Write in Your Own Voice

Boy learning to speak and read.

Do you use “darn” or “dang” instead of “damn”? Or do you avoid swearing at all cost? Do you sprinkle “like” and “you know” into your conversations? How about cool, wicked, bitchin’, or bad? Do you use idiomatic expressions, like “slick as a trout” or “dumb as a box of bricks”? Do you talk in long, rambling sentences or short, snappy phrases – “sentence fragments,” as writing teachers would call them? Those characteristics are all part of a speaker’s voice – the pattern of speech that makes each of us sound a little different from our friends and a lot different from people who grew up in a different region of the country. Your voice and my voice are not the same, even when you ignore pitch and tone. A great deal of our communication, however, doesn’t happen with the spoken word. It’s in writing, and in that mode of Read More […]

Why Do We Need Social Security?

great depression beggar

. . . A family that does not love and care for its children is dysfunctional. A country that does not care for its citizens in times of need is also dysfunctional . . . In the hullaballoo over Social Security, there has been a great deal of argument over whether we actually have a crisis. In that debate, a few people have brought up the issue of why we have a crisis, or even a problem. Still fewer have brought up the reasons for having Social Security in the first place. I think that question must be answered first, or we will never find effective, long-term answers to the first two. The universal understanding is that Social Security exists to guarantee a minimum income to our retired citizens. That’s true, but the effect of Social Security is far more complex. Social Security in the US was born from the Read More […]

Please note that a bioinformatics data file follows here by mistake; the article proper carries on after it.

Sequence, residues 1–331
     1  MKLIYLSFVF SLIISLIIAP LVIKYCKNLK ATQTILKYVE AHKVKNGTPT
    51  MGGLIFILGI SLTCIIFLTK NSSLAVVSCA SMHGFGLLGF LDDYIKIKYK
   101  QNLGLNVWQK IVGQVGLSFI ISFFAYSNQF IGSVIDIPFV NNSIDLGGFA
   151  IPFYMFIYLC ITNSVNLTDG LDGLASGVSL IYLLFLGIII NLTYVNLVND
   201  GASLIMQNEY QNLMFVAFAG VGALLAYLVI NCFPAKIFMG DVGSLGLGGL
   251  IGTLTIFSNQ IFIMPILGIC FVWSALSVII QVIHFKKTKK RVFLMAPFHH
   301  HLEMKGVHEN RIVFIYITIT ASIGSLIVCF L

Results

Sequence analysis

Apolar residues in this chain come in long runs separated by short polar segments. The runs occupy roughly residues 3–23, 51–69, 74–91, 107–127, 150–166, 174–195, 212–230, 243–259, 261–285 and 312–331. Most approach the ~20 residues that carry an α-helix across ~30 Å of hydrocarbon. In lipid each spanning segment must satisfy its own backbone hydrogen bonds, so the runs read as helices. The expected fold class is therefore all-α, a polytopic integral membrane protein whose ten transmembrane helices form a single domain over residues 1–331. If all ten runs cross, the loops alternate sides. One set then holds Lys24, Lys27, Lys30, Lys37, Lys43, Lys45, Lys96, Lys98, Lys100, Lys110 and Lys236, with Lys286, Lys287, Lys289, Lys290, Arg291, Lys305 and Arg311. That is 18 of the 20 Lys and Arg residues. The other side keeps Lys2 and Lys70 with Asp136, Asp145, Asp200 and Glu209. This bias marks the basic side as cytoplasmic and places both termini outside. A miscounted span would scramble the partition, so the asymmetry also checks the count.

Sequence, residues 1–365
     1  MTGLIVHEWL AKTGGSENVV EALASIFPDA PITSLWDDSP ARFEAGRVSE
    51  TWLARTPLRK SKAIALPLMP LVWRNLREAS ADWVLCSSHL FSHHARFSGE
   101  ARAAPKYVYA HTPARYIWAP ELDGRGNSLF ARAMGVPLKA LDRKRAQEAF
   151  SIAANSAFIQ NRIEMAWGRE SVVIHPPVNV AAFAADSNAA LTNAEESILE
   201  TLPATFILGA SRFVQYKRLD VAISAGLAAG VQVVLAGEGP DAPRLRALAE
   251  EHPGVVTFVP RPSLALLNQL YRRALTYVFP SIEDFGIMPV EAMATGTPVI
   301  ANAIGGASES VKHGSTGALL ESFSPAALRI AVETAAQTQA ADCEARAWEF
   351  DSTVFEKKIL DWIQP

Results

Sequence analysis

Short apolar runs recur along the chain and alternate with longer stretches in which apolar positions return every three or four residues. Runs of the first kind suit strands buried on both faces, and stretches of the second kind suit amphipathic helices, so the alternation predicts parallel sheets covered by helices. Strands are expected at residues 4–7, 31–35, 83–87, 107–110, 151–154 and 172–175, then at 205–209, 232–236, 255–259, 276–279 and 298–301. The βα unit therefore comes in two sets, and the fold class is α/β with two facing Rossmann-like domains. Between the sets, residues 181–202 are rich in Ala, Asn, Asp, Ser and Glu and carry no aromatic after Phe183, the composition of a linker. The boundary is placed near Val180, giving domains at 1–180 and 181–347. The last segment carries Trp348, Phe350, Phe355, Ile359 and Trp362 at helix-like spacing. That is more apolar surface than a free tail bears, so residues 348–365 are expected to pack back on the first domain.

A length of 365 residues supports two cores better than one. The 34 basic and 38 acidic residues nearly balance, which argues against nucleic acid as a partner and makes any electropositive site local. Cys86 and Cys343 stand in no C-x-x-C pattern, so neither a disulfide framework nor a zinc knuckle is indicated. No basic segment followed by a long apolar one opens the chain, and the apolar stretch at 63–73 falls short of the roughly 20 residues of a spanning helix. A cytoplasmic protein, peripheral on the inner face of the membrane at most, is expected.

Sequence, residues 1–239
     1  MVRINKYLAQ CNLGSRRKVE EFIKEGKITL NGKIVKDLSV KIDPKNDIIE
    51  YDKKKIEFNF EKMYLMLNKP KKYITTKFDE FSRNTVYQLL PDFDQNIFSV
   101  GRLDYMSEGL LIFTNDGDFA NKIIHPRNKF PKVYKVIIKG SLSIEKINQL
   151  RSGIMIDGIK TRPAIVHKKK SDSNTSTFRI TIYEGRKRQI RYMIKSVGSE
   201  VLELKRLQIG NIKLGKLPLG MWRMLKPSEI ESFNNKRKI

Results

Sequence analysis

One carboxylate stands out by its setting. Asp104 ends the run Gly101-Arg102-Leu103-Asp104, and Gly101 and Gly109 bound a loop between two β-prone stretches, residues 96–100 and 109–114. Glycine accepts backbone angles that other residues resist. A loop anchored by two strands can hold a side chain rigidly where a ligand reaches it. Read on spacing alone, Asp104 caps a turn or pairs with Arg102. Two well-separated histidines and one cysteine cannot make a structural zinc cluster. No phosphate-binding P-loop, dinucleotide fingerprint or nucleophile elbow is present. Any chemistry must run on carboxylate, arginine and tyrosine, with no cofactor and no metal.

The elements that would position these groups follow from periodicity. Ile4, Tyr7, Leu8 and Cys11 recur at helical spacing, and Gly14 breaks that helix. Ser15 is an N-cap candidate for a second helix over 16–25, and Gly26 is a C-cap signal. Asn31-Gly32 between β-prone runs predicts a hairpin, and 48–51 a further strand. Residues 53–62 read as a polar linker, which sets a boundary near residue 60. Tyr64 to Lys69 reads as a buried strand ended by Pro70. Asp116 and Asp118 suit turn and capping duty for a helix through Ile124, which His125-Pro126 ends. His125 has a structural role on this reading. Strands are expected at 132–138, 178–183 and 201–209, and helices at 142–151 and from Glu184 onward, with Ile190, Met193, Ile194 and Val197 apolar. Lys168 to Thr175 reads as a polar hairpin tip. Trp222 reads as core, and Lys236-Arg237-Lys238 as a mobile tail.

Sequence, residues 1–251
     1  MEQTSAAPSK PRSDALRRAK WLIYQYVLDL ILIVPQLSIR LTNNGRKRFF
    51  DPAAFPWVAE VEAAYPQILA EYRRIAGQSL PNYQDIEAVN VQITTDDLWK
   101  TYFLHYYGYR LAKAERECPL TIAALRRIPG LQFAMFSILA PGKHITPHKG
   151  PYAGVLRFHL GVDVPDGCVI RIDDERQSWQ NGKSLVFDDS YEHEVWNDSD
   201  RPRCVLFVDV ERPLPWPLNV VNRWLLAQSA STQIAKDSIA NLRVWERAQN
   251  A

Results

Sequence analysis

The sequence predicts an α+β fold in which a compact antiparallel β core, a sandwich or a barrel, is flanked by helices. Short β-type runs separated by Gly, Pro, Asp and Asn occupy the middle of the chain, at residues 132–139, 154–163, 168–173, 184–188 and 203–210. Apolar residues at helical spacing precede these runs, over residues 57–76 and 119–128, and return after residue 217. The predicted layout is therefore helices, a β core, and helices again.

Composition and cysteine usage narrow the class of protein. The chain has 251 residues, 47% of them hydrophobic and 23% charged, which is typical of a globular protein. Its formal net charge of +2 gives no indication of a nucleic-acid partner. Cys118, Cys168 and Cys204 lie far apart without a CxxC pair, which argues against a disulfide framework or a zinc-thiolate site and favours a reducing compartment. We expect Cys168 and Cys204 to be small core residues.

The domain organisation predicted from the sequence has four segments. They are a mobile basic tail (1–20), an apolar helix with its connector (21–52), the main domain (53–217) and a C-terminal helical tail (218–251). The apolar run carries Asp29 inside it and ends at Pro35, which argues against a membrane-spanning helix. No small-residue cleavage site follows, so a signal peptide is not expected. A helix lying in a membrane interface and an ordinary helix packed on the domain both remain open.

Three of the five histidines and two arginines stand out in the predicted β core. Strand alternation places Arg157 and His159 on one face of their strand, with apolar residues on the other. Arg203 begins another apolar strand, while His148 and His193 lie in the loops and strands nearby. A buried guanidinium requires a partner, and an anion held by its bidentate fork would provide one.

Who Reads Raven

Cover by Wieslaw Rosocha for Raven by Dean Whitlock

Book jacket blurbs can give you a hint that a book might be worth reading, but they don’t help a librarian or bookseller when it comes time to recommend a book for a young reader. Here is a review and a little guidance from Beth Reynolds, former bookseller and now a children’s librarian at the Norwich Public Library in Norwich, Vermont. First the guidance: Although very different in setting and action, Sky Carver and Raven can be compared to the Merlin series by T.A. Barron, and to the Rowan of Rin series by Emily Rodda. Raven herself is a younger version of some of the heroines in Tamora Pierce’s many adventures. You can also compare Raven to the Land of Pellinor series by Alison Croggon and Stuart Hill’s The Cry of the Icemark, though it is for an audience that is slightly younger, roughly 9 to 14. Sky Carver also straddles the intermediate and YA Read More […]

Sky Carver in the Classroom

Sky Carver cover art by Trina Schart Hyman

. . . the underlying themes in Sky Carver are endless and important, especially for teenagers . . . This recommendation was written by Sue Martin, a reading teacher for K through 8 students in Piermont, New Hampshire. I would like to state up front that I am not usually a person who recommends slowing the pace of a story so that it can be studied, but I have to admit I was drawn to the possibilities of reading this book with students and devoting a lot of time to debate and collecting ideas. There are two reasons for this. Firstly, the underlying themes in Sky Carver are endless and important, especially for teenagers. It would be a shame to squander the opportunity to point out the economics behind the society, the identity crisis facing the main character, the strength of friendship in any form, the ingenuity we have inherent in us, Read More […]

Taking Time to Think Things Through

campsite above Hartford, CT

. . . thinking is work, particularly if it’s outside the box. That means breaking habits, seeking new paths, venturing into unknown territory: scary stuff . . . It’s hard to finish a thought these days; a deep thought, that is. The sort of “wow, cool!” thought that deserves exploration. The what-ifs that take our thinking beyond mundane tasks and decisions to give us a glimpse of possibilities. Of betterment. Enlightenment. We’ve forfeited that activity to philosophers (studied only in college), news “analysts” (awash in cynicism, watched in an after-work torpor), and talk-show fanatics (so slanted, so adamant, so venomous, and so impossible to interrupt). I’ve worked in corporate America, where there’s lots of blather from management about “thinking outside the box.” But not too far out. And not if it means missing your deadlines or skipping a few meetings or putting off a status report or . . . Read More […]